Media playback is unsupported on your device

    Media captionDavid Benjamin says he was woken by a neighbour banging on the door

    Paul Munakr, who lives on the seventh floor, managed to escape.

    “As I was going down the stairs, there were firefighters, truly amazing firefighters that were actually going upstairs, to the fire, trying to get as many people out the building as possible,” he told the BBC.

    He said he was alerted to the fire not by fire alarms but by people on the street below, shouting “don’t jump, don’t jump”.

    Eyewitness Jody Martin said: “I watched one person falling out, I watched another woman holding her baby out the window… hearing screams.

    “I was yelling at everyone to get down and they were saying ‘We can’t leave our apartments, the smoke is too bad on the corridors.'”

    Michael Paramasivan, who lives on the seventh floor with his girlfriend and young daughter, said he ignored official advice to stay in your home.

    “If we had stayed in that flat, we would’ve perished. My gut instinct told me just to get the girls out. I wrapped the little one up because of the smoke and I just got them out.”

    Another resident, Zoe, who lives on the fourth floor, said she was woken by a neighbour banging on her door.

    “The whole landing was thick with smoke. The smoke alarms weren’t going off but the way it spread so quickly from the fourth floor, all the way up to the 23rd floor was scary.”


    At the scene

    Image caption Mirna, Fatima and Zainnb are among those missing

    By Lucy Manning, BBC News

    They have lost their homes and for some, tragically their relatives.

    At times there is the sound of sobbing as the word goes round that someone is missing, someone is feared dead.

    I’ve spent the day inside the community centre where survivors have gathered.

    Downstairs in the hall families sit at tables and wait for news.

    One family told me they hadn’t heard from their brother, sister and three children – Mirna, Fatima and Zainnb. Other relatives were out searching hospitals. There was still no news.

    Outside the centre, Sawsan was with a group of women. For one it was too much, she was on the floor crying. Sawsan hasn’t heard from her mum, sister, brother-in-law and nieces. She spoke to them when the fire started but nothing since.

    Inside the centre, families are being helped with food, housing and medical treatment. It’s busy and everyone is helping. Just not with the one thing they need – information about whether their relatives are safe.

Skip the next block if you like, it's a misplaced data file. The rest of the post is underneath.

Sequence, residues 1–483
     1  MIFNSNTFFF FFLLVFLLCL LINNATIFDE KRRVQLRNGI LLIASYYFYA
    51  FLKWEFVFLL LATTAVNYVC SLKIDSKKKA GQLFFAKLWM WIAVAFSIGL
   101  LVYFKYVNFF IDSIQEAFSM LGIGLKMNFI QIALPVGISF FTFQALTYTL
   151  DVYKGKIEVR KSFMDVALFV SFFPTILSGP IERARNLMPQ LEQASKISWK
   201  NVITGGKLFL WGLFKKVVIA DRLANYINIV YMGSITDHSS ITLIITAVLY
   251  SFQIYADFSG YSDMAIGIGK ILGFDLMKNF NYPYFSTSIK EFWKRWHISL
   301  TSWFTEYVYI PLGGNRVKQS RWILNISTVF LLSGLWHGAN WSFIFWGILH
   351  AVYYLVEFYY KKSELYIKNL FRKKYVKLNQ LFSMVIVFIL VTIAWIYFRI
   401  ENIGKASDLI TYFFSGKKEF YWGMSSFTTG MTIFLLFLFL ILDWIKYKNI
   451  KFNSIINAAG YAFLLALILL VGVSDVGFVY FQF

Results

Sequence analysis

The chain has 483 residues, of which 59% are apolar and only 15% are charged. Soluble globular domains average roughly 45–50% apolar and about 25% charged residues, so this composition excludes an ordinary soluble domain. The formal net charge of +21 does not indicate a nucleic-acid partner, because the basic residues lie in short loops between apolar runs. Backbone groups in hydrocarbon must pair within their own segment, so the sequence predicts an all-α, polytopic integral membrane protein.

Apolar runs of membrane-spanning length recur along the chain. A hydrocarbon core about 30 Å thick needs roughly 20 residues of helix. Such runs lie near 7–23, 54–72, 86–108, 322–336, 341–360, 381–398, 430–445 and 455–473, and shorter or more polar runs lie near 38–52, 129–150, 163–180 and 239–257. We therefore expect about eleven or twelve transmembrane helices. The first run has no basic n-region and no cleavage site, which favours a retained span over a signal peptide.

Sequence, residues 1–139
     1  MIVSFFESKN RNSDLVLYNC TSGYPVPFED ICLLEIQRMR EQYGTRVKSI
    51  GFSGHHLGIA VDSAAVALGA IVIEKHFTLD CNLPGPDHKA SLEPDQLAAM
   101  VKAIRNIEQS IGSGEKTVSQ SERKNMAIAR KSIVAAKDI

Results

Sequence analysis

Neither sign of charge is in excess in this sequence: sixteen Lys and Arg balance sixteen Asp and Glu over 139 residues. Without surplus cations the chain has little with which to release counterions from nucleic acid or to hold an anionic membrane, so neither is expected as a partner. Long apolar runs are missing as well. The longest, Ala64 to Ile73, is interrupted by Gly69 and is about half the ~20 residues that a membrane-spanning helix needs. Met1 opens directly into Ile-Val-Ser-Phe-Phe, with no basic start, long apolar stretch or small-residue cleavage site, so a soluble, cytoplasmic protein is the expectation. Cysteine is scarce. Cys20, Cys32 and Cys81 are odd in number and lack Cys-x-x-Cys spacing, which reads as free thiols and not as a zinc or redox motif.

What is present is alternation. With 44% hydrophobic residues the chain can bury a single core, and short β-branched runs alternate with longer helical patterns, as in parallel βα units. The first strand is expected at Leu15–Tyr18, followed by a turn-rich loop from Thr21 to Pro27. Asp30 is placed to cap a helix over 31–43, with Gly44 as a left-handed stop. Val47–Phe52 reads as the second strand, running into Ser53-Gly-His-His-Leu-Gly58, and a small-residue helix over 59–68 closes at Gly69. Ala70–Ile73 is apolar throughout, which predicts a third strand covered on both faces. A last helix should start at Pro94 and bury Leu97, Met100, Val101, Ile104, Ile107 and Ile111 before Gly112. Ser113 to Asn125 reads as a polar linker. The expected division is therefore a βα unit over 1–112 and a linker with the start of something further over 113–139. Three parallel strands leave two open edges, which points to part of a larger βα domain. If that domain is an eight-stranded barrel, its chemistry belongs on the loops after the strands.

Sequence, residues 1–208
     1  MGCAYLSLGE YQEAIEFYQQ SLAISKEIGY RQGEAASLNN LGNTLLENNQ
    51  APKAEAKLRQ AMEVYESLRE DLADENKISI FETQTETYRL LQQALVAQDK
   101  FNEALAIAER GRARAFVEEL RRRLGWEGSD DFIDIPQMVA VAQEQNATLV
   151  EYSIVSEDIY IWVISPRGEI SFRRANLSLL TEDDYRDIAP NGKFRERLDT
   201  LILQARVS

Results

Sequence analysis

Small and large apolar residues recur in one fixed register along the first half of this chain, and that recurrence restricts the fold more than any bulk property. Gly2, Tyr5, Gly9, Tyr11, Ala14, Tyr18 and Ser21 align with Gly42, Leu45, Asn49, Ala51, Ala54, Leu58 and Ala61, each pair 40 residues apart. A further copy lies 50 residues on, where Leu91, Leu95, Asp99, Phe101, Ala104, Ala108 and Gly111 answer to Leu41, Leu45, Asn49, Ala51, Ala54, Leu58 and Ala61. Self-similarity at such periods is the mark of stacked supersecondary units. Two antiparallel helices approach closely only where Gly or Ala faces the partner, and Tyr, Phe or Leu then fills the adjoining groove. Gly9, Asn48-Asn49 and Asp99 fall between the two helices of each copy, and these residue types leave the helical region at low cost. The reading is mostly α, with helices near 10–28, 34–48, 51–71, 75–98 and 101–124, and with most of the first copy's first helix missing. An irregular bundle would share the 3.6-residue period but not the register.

Christabel told me how lucky her father had been. He tried to fight the fire but made it out alive.

    Ed was saved when a friend called him to tell him to get out the building. “I’m lucky” he says. But they have lost everything.


    Grenfell Tower, built in 1974, is part of the Lancaster West Estate, a sprawling inner-city social housing complex of almost 1,000 homes.

    Robert Black, chief executive of the tower’s management company, the Kensington and Chelsea Tenant Management Organisation, said: “The fire at Grenfell Tower is devastating and the reports of injury and losses of life absolutely heartbreaking.

    “Along with my colleagues, I have been supporting residents since the early hours, working with the emergency services and the community.”

    The BBC’s Andy Moore, who was at the scene through the night, described watching debris falling from the building, and hearing explosions and breaking glass.

    Grenfell Tower, North Kensington

    • 120 flats

    • 24 storeys

    • 20 residential levels

    • 4 community/podium levels

    • 2016 refurbishment completed

    AFP

    Image copyright PA
    Image caption London fire crews said it was a “large and very serious incident”
    Image copyright Getty Images
    Image caption There are 120 flats in the residential block

    The London Fire Brigade said a structural engineer had checked the building and determined it was not in danger of collapse and that rescue teams were safe to be inside.

    Initially, it was feared that the building, which appears to be gutted, could collapse.

    Mayor Sadiq Khan said he was devastated by the horrific scenes, attended by more than 250 firefighters and 100 ambulance medics.